So, this is my situation, I'm from South America and I'm in Norway with a working holiday visa (residence permit), since it's ending I already applied and got a residence visa from Spain (non-lucrative visa*) but due to the nature of the visa and me not having online, I thought if it was possible to get another working holiday visa in maybe Denmark or Sweden; the main thing is that it's a place where I can be taxed as a non-resident.

The idea of this is aiming for citizenship, since it's only 2 year wait time so I can apply to the Spanish citizenship.

I have some doubts though, for example, the NL visa doesn't let me be out of Spain for more than 3 months as the standard Schengen time of a tourist (the same applies to the WH visa), so just from the get go it seems a bit impossible; unless I did something as Foodora where I could start right away.

As far as I know, related to the Spanish citizenship, I could be out of Spain up to 6 months (say, out of Schengen) in a year, go back for a bit and then get out again.

It seems quite impossible, but maybe it works?

*I can apply for a change of status after the first year, but looking at how bad it will get the economy with the coronavirus, I doubt that I'll pass the minimum requirements.

1 Answer 1


I am not sure I completely follow your plan but it sounds like you are making this needlessly complicated. The key thing to understand is that both (personal) taxes and residence permit/long-stay visas are largely national matters (tax law can be impacted by bilateral agreements but even EU countries don't always have one). There are only a few rules and no coherent all-encompassing system at the EU or Schengen level.

If you fulfill the conditions in one country, you can hold a residence permit there, irrespective of your status in another country; “having two residence permits” is not a particularly good way to look at it. The same goes for tax residency. This can work to your disadvantage (e.g. double taxation) as, absent specific bilateral agreements, being deemed a resident for some purpose in one country doesn't preclude being deemed a resident for some other purpose in another country.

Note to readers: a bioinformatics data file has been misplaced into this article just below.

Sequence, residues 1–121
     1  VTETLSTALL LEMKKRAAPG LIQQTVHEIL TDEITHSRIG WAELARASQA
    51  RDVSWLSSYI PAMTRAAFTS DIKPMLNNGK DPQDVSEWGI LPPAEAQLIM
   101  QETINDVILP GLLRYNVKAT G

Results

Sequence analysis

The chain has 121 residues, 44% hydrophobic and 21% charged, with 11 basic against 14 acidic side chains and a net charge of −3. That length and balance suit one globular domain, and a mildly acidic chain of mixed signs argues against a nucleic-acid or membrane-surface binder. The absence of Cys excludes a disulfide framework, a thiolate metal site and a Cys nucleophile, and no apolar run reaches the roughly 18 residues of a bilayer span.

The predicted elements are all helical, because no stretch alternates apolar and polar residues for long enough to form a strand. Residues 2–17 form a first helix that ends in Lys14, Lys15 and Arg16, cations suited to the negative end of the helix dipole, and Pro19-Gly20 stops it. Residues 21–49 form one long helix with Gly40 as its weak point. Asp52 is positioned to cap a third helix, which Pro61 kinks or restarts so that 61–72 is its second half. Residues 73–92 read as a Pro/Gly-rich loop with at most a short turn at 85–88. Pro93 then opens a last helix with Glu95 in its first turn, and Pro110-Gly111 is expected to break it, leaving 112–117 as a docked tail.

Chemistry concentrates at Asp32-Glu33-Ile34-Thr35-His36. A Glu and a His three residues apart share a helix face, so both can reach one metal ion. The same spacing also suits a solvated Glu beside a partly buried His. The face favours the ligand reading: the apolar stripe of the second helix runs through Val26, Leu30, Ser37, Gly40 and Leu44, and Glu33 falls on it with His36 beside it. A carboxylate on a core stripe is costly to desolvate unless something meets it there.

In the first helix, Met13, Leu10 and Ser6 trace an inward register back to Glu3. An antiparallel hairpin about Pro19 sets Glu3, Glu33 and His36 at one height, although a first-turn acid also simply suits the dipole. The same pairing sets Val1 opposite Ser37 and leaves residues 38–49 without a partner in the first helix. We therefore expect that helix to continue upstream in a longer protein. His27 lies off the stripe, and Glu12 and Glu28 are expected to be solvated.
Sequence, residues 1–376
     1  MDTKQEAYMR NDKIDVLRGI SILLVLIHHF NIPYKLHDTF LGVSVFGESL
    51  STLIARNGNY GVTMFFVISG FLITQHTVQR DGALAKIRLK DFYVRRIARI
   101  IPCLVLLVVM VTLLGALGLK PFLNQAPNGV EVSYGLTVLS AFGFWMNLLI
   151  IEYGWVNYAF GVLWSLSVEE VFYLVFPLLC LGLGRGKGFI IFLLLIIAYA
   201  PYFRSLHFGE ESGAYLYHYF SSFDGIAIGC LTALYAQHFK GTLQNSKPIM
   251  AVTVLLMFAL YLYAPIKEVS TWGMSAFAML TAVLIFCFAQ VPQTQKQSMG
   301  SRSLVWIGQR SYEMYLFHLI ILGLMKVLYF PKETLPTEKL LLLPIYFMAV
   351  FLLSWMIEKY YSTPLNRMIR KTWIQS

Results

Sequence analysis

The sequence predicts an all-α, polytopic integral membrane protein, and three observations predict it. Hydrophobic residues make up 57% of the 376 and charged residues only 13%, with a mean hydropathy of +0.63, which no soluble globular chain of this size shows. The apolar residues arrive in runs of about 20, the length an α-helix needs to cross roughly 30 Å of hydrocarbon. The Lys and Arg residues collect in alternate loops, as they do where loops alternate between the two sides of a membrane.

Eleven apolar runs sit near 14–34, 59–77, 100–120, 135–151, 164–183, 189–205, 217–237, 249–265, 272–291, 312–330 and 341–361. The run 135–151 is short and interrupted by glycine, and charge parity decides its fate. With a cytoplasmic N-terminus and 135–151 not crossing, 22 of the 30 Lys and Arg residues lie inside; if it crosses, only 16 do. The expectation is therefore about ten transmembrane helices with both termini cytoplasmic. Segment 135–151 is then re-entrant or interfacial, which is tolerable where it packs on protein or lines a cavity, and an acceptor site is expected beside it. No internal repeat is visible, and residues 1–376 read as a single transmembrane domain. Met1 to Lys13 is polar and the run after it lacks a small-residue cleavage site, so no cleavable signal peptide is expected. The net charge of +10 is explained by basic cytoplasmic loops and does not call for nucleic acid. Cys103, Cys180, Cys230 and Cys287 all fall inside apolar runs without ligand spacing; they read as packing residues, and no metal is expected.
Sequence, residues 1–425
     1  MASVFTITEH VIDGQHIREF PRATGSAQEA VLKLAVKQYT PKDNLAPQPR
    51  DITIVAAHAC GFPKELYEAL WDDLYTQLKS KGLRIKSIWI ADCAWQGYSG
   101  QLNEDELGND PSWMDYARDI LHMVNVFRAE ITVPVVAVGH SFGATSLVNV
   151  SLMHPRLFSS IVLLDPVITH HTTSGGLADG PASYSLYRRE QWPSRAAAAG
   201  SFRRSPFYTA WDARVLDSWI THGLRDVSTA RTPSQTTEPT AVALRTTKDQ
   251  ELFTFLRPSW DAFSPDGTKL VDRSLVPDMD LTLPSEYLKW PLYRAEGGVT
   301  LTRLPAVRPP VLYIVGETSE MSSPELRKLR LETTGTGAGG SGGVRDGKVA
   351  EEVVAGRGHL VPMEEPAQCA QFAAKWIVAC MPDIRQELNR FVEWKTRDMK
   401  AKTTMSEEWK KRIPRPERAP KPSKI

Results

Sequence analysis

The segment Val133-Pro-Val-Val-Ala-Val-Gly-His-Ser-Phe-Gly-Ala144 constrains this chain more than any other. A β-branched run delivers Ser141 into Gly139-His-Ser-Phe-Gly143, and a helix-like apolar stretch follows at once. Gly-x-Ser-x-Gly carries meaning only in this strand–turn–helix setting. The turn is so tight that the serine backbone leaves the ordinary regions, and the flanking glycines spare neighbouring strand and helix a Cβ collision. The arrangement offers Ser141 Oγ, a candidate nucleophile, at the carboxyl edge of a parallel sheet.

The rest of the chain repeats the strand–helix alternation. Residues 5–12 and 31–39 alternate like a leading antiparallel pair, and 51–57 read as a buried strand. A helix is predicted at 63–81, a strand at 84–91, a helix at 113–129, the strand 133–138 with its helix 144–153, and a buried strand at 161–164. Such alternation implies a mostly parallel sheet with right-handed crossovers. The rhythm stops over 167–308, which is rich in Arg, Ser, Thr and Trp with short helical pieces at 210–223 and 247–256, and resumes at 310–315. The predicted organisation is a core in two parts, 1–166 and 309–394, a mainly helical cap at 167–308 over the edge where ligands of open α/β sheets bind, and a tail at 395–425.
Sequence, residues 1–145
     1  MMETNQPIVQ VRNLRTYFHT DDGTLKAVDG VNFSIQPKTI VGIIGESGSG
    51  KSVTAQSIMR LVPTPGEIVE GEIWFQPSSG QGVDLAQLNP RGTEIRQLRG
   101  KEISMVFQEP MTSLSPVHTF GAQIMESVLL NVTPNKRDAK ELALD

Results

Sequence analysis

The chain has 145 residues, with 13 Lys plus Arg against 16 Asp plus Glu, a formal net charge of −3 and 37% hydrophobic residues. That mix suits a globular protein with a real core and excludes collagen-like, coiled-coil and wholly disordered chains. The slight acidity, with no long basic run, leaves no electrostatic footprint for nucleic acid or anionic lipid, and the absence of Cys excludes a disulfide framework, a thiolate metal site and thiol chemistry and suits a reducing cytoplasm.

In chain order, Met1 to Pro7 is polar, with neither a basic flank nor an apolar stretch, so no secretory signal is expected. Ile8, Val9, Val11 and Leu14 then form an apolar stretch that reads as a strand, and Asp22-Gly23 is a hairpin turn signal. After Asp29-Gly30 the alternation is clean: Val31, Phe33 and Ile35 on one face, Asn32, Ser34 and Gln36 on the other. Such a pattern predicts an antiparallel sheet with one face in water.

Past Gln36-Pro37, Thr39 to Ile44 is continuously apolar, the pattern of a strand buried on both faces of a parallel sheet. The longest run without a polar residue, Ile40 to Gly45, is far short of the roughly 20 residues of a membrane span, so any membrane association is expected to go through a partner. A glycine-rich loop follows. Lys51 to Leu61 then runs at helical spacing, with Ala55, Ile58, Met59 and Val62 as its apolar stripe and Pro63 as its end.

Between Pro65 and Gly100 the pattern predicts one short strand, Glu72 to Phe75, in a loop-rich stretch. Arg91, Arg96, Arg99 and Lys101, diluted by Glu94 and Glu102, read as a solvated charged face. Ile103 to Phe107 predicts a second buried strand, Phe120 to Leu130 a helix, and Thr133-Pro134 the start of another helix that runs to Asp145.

The problem is that many (but not all) naturalization processes come with rather stringent residence requirements. That is, you must have been effectively present in the country most of the time over the last X years (and be able to document that) and (often) intend to live there in the future to be eligible. In that domain, the impact of EU law is even more limited. It's a well established principle that EU member states are fully sovereign in that respect (cf. e.g. the Chen v Home Secretary EUCJ case or the “citizenship by investment” programmes in some countries). Schengen law or your status in another country legally have no bearing on that.

So to the extent that Spain limits the time spent abroad before applying for citizenship, there is no point wondering about having two residence permits or the like. Even if you would, that wouldn't exempt your from the material residence requirement. Conversely, if you think your status would allow you to leave Spain and still apply for citizenship then holding a Spanish permit doesn't per se disqualify you for another visa elsewhere (but you do need to wonder about what obtaining such a visa says about your intent, in case that's relevant for the naturalization process).

  • Thanks for the answer! And yes, now I realize I overcomplicated the whole explanation. Apr 26, 2020 at 18:01

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